Regulations governing thermal performance are often the biggest problem to overcome. Use of glass is generally limited to around a quarter of the floor area of an extension, although improving thermal performance elsewhere can strengthen your case.
"On residential homes we are seeing more extensions using lots of glass," says Dawes. "If two properties are for sale side by side and one has lots of glass, making it look lighter and bigger, it will always sell over the other."
NEO Bankside, a development comprising 197 £650,000 to £8m one to three bedroom apartments and penthouses set among landscaped gardens in London's Bankside and being marketed by Knight Frank, using lots of glass, with features like glass lifts. Apartments feature floor to ceiling glazing to a height of 2.6 metres and glass-surrounded winter gardens.
At Dymock House in Fulham, London, a £1.525m spacius three-bedroom detached house with much open-plan design, developers Stephen Brew and David Hubbard of Plan Build Live have installed features like a glass walkway and atrium and a glass and walnut staircase.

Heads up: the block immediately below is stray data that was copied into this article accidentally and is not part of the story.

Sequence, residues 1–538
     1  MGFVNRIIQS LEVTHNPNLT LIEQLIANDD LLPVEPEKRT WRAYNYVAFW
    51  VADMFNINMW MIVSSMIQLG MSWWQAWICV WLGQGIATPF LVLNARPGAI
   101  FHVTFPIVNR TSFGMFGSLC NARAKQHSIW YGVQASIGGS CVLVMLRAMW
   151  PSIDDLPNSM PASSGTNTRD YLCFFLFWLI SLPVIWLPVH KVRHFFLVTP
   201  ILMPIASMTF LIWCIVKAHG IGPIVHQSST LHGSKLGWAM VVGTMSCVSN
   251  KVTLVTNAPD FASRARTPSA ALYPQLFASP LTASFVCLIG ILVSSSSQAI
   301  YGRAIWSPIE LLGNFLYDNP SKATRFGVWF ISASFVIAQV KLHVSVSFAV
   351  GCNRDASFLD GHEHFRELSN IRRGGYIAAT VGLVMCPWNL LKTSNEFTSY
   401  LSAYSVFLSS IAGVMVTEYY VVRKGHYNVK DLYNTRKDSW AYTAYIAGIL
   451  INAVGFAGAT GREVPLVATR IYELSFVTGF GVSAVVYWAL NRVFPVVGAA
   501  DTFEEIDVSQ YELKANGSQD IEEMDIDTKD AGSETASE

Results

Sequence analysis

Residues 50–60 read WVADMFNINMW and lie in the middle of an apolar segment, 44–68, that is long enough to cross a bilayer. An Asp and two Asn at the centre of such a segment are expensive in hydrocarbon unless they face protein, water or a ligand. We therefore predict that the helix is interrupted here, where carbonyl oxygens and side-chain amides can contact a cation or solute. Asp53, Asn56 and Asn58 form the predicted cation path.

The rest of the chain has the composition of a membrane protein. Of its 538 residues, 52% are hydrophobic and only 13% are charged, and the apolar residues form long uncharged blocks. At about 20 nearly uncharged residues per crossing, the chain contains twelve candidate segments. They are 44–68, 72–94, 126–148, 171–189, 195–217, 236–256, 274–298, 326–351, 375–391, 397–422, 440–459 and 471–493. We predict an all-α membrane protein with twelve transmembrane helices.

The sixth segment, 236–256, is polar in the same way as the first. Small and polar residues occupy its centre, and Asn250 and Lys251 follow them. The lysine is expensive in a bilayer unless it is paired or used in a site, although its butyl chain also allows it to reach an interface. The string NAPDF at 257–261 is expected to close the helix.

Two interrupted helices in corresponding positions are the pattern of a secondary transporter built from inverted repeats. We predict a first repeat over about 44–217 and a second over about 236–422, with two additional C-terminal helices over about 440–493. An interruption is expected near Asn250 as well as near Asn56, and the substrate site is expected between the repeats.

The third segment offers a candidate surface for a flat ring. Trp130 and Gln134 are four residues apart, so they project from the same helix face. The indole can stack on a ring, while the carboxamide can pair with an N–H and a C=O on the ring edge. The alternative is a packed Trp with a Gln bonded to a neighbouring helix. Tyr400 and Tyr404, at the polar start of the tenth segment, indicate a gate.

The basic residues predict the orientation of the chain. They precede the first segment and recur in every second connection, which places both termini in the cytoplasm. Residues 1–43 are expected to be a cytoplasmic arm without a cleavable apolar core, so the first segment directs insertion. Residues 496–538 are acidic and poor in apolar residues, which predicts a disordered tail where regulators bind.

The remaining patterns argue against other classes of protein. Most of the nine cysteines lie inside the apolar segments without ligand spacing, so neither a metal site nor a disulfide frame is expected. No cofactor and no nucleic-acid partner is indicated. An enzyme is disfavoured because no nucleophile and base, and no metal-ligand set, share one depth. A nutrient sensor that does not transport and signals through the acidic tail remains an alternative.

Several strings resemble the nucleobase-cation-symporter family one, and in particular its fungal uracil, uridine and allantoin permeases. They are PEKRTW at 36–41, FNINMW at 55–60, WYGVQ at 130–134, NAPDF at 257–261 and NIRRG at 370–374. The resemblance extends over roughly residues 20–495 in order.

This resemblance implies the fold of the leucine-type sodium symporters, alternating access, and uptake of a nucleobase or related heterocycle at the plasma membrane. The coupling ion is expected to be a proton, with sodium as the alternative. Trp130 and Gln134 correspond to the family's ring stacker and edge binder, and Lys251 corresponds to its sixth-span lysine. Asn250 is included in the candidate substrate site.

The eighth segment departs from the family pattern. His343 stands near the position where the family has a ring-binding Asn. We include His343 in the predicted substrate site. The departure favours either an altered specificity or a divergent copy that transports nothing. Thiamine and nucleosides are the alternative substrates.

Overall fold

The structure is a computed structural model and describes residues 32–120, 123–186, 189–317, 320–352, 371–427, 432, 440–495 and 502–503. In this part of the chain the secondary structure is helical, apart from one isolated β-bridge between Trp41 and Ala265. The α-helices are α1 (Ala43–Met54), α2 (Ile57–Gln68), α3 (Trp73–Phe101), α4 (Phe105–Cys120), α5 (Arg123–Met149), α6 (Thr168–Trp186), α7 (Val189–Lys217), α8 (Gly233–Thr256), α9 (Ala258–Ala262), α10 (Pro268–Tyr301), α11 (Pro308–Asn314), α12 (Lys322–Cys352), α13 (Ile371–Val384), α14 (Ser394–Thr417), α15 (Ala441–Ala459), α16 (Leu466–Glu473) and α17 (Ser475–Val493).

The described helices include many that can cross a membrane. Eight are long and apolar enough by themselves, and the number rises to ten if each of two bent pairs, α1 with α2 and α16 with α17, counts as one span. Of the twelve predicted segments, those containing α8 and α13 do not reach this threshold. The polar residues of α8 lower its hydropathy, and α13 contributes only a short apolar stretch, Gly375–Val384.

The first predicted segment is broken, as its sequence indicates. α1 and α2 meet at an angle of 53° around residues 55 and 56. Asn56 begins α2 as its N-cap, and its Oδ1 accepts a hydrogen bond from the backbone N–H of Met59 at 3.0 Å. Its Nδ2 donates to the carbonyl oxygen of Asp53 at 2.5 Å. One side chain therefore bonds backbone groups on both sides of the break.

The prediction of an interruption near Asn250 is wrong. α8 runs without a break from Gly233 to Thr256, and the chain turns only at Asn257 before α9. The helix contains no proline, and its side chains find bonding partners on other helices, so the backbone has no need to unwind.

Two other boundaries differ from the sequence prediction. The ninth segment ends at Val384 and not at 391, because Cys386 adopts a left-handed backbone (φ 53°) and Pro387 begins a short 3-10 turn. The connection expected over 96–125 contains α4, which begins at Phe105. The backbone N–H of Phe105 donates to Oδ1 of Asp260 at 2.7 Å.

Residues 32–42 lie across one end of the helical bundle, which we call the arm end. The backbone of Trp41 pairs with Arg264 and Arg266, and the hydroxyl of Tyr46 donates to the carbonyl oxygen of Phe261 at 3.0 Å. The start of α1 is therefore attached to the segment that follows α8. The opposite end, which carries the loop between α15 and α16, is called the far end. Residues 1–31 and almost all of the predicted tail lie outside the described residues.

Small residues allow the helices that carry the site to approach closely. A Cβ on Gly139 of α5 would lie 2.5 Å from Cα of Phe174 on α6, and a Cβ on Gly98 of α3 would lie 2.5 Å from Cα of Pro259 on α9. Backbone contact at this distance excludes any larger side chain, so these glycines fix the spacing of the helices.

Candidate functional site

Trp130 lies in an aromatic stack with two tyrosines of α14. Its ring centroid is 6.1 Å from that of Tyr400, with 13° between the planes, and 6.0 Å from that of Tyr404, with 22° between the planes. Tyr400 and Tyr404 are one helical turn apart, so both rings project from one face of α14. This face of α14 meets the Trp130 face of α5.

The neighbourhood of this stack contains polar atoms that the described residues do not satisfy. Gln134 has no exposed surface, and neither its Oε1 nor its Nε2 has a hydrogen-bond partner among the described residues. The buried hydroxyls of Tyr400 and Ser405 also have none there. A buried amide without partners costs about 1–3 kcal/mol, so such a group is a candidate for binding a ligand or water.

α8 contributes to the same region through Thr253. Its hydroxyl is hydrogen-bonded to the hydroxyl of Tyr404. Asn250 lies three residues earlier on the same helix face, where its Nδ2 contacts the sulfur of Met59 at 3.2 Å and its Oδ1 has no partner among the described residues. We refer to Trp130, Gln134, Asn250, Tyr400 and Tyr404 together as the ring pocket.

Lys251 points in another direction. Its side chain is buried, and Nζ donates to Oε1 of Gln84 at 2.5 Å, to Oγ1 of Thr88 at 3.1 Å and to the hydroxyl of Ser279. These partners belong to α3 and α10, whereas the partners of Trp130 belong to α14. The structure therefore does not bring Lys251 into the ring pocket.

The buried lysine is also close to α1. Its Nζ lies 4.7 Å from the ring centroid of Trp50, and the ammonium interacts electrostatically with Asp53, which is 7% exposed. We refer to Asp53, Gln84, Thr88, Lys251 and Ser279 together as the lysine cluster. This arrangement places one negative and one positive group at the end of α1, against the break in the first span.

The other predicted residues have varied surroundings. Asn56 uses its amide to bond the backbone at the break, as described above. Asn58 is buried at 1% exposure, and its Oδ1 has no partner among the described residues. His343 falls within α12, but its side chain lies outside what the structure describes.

"There's a definite trend to use more glass," says Stephen. "Planning restrictions were easier to overcome than usual because Dymock House was previously a warehouse and it was easier to add glass when the building was granted a change of use.
"Glass and technology have moved on so much that you can now have complete glass extensions made with frameless glass. That's really popular now, even though it costs a lot more than traditional materials like brick. With these glass boxes you can still see the existing building through them, meaning it is easier to get planning permission. You lose privacy, but then there is always a trade off of some kind.
"Another development is SmartGlass, where a flick of a switch puts an electric current through the glass so that it becomes opaque and can provide privacy or keep out sun. It's very expensive, though, costing about £1,000 per metre, but the effect is amazing."